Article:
Lessons from Remote Working #1 – On Face Value

Written by Salonee Gadgil

For a few years now the creative industries, particularly here in the UK, have been talking about flexible, borderless, digital-only ways of working. And we’ve been smug about it. Priding ourselves at being able to hot-desk, dial in, track changes, screen share and Slack our way to producing creative work.

Now, we’ve had a pandemic pull the office floor from under our feet. We’ve had to learn to walk the talk, overnight. No time for test and learn, it’s been do and learn. At Stand, we were in a pretty good position to begin with, in so much that we already had systems in place – all our data lives in the cloud, our workstations move with us, and so on. But up until last week remote working had been an option, for some a way of managing their responsibilities and for others of a way maximising their creative output. For the past week it’s been the only option. It will be a while till this remote way of working feels normal, and as we go along there will be lots we learn. Here’s what I learnt this week…

Video helps you listen better

Video calls are very unBritish, because they make us confront our own double chins and we’d rather not. But there’s something fundamentally different about a voice call and a video call, and it’s a difference I don’t think I had stopped to think about before. I hadn’t thought about face value, and how much we rely on reading faces to feel bonded, to understand each other and consequently to produce better work.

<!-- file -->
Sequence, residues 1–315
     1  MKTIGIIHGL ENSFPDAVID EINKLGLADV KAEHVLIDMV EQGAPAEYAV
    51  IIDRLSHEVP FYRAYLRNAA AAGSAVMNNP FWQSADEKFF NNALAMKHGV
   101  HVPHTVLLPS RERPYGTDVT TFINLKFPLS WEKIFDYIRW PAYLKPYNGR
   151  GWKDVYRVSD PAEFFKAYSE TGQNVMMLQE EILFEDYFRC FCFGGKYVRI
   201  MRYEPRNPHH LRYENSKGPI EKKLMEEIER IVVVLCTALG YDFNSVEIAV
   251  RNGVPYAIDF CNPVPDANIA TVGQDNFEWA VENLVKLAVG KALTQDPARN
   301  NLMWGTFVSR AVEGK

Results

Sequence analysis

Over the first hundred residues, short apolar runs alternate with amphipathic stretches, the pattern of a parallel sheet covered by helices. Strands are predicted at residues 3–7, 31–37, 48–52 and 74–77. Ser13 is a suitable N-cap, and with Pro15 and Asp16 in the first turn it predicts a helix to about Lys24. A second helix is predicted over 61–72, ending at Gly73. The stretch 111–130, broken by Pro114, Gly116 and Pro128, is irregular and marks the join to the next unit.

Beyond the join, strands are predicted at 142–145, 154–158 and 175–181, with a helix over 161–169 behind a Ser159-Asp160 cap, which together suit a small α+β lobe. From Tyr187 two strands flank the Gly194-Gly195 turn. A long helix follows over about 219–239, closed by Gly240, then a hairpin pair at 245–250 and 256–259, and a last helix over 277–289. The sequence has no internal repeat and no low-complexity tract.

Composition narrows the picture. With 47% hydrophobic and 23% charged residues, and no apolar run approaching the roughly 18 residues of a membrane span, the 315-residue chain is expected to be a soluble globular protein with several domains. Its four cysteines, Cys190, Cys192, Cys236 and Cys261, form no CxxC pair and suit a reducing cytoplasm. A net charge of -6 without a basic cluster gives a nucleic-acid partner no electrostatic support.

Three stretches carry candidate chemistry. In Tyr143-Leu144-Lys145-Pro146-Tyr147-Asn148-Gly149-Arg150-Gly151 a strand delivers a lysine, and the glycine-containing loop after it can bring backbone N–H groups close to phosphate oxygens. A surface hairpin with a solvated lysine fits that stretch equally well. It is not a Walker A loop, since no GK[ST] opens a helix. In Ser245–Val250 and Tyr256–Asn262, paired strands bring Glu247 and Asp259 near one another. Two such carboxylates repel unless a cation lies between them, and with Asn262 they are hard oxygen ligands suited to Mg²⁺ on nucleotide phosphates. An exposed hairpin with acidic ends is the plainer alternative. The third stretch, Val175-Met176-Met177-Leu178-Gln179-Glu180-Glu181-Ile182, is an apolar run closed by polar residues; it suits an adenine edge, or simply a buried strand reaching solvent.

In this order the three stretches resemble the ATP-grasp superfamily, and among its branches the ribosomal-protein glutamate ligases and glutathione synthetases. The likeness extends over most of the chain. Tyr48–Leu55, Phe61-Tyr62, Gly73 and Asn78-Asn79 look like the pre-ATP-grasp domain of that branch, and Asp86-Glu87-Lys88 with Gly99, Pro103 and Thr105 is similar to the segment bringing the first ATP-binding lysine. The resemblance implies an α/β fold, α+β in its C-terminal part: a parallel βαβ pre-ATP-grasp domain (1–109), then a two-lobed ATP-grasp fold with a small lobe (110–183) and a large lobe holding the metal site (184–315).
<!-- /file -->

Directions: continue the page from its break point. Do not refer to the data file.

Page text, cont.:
Doing a video call also means you put on your face – brush your hair, put on something that doesn’t have ketchup stains on it and sit up straight. You’re unlikely to be a slumped on the sofa, if only for the fear of confronting that double chin. Either way, the result is a more engaged and turned-on conversation, whether that’s with your own team or a client.

Even if you’re not in the best of moods, you’re more likely to smile when you say hello on a video call. You’re more likely to spend a couple of minutes exchanging pleasantries and taking an interest – or feigning an interest – in each other’s wellbeing, instead of getting straight to business. You learn things about the person you are working with and see them more than just a job title; they’ve just got back from a run because they’re training for a marathon, or they live with a cockatoo called Jack or they still have an Oasis poster up on a wall, in the year 2020. Either way, whether the initial politeness was forced or not, you learn something you may not have on a phone call and the actual work-related conversation which follows is invariably less clinical.

Here’s my advice; if you’re going to go weeks without face-to-face conversations with your clients, I would highly recommend swapping some voice calls to video conferences. It turns out, you listen better when you can also see who you’re talking to. And most good work usually begins with listening, really listening, to what someone is saying. In the process you may also befriend a cockatoo.

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